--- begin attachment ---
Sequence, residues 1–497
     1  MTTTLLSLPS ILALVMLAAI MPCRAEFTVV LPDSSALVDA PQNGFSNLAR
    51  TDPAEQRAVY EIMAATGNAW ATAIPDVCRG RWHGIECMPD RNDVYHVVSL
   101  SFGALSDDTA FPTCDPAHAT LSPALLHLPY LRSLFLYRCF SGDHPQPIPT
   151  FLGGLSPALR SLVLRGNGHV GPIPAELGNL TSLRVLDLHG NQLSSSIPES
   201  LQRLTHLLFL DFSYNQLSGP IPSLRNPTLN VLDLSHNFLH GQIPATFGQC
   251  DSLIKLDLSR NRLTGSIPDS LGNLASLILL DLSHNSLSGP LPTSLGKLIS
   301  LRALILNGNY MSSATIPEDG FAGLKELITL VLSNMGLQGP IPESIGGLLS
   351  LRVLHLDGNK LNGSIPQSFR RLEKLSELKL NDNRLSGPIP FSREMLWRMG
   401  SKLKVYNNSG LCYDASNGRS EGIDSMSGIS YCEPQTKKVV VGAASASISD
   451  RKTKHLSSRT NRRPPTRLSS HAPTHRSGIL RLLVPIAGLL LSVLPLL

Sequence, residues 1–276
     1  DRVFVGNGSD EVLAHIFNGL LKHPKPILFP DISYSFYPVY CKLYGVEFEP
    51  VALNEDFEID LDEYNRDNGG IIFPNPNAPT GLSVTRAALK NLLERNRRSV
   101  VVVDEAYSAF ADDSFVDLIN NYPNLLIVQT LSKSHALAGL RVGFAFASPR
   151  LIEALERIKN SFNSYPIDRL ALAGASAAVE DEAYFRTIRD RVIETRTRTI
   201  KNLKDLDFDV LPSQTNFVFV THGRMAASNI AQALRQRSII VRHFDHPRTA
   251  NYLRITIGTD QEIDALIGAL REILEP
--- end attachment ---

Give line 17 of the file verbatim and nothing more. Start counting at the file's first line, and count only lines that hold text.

   201  KNLKDLDFDV LPSQTNFVFV THGRMAASNI AQALRQRSII VRHFDHPRTA